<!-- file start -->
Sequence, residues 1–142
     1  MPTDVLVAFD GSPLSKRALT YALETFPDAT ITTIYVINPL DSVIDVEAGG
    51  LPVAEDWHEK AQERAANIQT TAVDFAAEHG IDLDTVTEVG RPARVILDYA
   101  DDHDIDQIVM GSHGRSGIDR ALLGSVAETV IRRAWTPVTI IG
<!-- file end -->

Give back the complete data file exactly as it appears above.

Sequence, residues 1–142
     1  MPTDVLVAFD GSPLSKRALT YALETFPDAT ITTIYVINPL DSVIDVEAGG
    51  LPVAEDWHEK AQERAANIQT TAVDFAAEHG IDLDTVTEVG RPARVILDYA
   101  DDHDIDQIVM GSHGRSGIDR ALLGSVAETV IRRAWTPVTI IG